As anyone who commutes across town can tell you, one major difference between DC and paradise (copenhagen and its little bro amsterdam) is that paradise is completely flat. There's nothing like the morning commute eastbound up independence ave during rush hour in a light rain to make you think twice about upgrading your car to a bike. Those of us with the calf muscles to show for it likely agree that DC and its bike advocates would be wise to send a bunch of these bad boys to residents.

I put in to test one of them. I'll let everyone know how it works out, if interested.

by JTS on Mar 12, 2009 9:48 pm • linkreport

Does [Copenhagen] have winter? Yes. Is it like winter in, say Moscow, or farther north in parts of Sweden? or maybe even Chicago? No.

I just looked at the wiki pages for both Copenhagen and Chicago -- here is what I found:

____Chicago-- High Avg: 58 Low Avg: 39

Copenhagen-- High Avg: 53 Low Avg: 37

According to this, Copenhagen is actually colder than Chicago. Lived in Chicago and visited Copenhagen, and read a bunch about biking in both places -- the numbers would seem to generally agree with my perception of the climate of both places.

This link shows how much more north of the equator Copenhagen is than Chicago -- which would seem to be consistent with the climate differences.

For my part, I think infrastructure has everything to do with it -- which is why Copenhagen and Holland are successful. It's not brave souls or bike sharing or anything else -- it's just allowing people to ride a bike if they wanted to. Right now, it's just not possible in most of America.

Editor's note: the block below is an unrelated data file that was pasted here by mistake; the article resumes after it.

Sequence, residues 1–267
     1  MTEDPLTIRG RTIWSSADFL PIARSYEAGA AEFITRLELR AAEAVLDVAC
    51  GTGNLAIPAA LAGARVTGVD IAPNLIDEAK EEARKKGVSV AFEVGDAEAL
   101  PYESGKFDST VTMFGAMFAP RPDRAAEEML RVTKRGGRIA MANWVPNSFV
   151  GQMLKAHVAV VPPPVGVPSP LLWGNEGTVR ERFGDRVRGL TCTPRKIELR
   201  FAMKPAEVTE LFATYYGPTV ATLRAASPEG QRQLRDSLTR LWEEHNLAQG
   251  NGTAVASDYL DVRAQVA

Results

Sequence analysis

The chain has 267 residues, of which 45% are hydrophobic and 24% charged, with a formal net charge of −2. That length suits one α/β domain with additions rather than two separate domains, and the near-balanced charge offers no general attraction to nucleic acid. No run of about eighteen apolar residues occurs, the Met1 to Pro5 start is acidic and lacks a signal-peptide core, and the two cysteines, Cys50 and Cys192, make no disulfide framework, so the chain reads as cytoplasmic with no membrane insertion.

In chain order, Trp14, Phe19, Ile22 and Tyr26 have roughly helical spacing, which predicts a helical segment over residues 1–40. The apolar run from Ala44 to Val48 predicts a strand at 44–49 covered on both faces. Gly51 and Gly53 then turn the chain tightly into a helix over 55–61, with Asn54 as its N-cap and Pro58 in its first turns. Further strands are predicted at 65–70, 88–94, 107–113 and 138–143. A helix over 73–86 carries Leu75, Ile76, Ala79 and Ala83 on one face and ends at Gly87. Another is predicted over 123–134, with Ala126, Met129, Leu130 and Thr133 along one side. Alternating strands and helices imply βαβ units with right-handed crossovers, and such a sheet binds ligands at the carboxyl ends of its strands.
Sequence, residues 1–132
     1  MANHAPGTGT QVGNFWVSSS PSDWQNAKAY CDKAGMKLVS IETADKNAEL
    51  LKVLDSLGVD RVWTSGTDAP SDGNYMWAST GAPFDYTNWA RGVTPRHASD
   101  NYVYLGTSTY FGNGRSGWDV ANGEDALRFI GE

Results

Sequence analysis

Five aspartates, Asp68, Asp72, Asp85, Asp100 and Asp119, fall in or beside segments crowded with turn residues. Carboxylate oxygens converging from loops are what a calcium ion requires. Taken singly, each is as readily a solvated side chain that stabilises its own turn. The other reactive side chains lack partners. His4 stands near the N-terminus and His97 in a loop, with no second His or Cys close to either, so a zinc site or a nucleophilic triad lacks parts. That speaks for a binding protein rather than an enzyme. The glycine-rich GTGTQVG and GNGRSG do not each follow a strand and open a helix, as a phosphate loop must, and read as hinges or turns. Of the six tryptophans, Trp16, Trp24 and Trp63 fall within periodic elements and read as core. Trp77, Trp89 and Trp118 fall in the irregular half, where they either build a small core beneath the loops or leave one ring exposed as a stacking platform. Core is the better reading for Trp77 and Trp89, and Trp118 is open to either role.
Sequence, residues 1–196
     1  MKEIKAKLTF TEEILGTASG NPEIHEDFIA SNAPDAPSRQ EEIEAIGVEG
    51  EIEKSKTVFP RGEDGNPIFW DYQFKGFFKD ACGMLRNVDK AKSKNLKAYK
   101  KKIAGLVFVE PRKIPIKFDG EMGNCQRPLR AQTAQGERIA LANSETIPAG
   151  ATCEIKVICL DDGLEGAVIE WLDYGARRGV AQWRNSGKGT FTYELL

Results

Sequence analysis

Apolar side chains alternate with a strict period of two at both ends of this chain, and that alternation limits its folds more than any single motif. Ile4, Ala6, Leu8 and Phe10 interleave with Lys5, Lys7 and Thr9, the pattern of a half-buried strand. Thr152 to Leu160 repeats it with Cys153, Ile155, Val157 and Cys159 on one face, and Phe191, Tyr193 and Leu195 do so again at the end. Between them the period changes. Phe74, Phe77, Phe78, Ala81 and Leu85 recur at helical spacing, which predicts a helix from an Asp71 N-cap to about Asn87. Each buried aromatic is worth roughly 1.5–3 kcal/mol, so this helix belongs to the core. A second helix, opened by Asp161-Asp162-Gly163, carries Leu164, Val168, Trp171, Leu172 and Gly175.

As for Zipcar, I've been trying to convince them (as have many others, as I understand it) and City Carshare and other car sharing services to offer bike sharing. They have the expertise, capital, know-how, etc. And the bonus is that they're not directly PR or advertising companies. Maybe Zipcar will eventually feel enough heat from Hertz/etc. to listen to the people who know best what they should do -- the people.


by Peter on Mar 12, 2009 10:19 pm • linkreport

JTS brings up a good point about topography.

From what I recall of both Amsterdam and Copenhagen (I've made port visits to both), about the only time you really run into a hill in either is when you're heading down into a tunnel or up onto a bridge.

Can't even come close to saying the same thing here.

by Froggie on Mar 12, 2009 10:20 pm • linkreport

Elevation of the north sea region .

Washington DC Area

Full disclosure: I am really not trying to exaggerate here. If you google map it, both European cities are in the negative elevation range, and everything outside of the national mall is all uphill. It's too late to dig the interwebs looking for good Copenhagen/Amsterdam elevation maps. I'm sure Froggie can attest to the ridiculous flatness of both areas. When a Danish Child's grandparent was his age, he had to walk 10 miles to school, and it was flat. both ways! I'm a dork, but trust me.